Is meth addictive?

Yes. Meth is highly addictive. Its potent action and long duration of effects attract users. When taking meth becomes habitual, loss of control often follows. Once a person gets “hooked” on meth, it can be very difficult to quit and long-term meth addiction treatment is required. The main signs of addiction to meth include:

  1. continued use of meth despite negative consequences to health, home, or work
  2. extreme cravings, compulsion, or obsessive thinking about meth
  3. loss of control of meth use: using more meth than intended, or in greater frequency than intended

For more info on meth, feel free to explore here:

Leave a Reply

3 Responses to “Meth
Naser
11:46 am July 5th, 2016

It was the first last time I smoked meth was about 9 months ago and for three days then stopped it and that’s it never think about again(all was got).Since last week i smoke it everyday and for almost last 8-10 days and i felt that i am increasing the amount day after another and experienced how nasty the stuff is , it became at the top of my daily things to do list which makes really feel very unhappy with myself (because this is totally not me) I’m a good man i suddenly reduced the amount to 1/2 pre for last two days for the purpose to throw it away ASAP somewhere That is impossible to return to it or even think about it but I’m not really sure whether what I’m still the same strong person to do what i planned for,i just want to close this page forever.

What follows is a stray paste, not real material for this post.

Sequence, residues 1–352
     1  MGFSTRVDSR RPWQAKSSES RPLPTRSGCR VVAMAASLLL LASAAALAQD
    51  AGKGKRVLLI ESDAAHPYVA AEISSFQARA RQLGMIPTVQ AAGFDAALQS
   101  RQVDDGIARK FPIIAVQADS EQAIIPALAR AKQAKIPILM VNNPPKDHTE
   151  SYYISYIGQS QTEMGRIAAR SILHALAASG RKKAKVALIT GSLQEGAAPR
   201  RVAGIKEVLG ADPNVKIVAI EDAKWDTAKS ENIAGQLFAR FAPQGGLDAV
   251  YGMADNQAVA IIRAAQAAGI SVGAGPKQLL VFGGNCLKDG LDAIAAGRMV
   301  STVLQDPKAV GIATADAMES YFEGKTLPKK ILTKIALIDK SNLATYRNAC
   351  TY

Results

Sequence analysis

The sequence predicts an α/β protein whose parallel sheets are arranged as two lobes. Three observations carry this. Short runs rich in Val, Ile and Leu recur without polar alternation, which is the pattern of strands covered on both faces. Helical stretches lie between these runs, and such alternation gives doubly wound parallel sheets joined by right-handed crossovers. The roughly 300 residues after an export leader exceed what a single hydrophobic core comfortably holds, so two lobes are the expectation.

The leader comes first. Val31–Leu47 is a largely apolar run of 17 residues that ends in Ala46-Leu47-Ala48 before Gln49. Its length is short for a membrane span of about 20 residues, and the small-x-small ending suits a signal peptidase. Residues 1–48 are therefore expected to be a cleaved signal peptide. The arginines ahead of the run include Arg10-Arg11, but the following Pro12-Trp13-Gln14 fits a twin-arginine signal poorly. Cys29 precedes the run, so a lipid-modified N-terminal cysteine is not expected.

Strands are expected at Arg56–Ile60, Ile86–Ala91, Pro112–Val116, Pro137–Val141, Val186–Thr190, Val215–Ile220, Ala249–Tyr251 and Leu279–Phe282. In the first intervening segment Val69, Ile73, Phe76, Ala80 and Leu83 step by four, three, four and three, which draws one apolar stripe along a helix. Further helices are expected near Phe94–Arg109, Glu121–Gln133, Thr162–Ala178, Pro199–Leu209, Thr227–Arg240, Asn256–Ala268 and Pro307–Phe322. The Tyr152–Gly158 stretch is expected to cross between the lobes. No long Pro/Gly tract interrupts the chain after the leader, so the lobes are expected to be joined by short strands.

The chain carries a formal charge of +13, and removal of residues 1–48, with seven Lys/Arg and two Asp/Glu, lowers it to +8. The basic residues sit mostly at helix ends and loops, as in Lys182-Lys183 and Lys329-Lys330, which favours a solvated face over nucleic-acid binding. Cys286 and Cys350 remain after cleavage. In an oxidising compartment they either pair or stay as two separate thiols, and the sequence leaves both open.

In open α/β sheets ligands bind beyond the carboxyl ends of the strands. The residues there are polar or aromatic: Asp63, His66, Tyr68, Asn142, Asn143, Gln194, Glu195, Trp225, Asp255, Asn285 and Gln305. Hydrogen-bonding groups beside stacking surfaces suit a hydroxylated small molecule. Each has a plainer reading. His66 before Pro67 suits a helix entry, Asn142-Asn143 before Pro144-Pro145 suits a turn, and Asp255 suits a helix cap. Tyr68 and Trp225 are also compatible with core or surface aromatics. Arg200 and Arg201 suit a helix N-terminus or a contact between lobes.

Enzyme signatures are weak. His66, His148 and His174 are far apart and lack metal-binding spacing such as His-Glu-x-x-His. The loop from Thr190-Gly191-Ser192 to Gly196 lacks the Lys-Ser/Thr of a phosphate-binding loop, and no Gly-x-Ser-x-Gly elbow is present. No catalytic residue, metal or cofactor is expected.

Thanks

alan
8:16 pm October 19th, 2016

please subscribe me to this post and addiction blog updates
Thank You

Lydia @ Addiction Blog
11:06 am October 20th, 2016

Hi Alan. Thank you for your interest in Addiction Blog. Go to this page: http://feeds.feedburner.com/AddictionBlogorg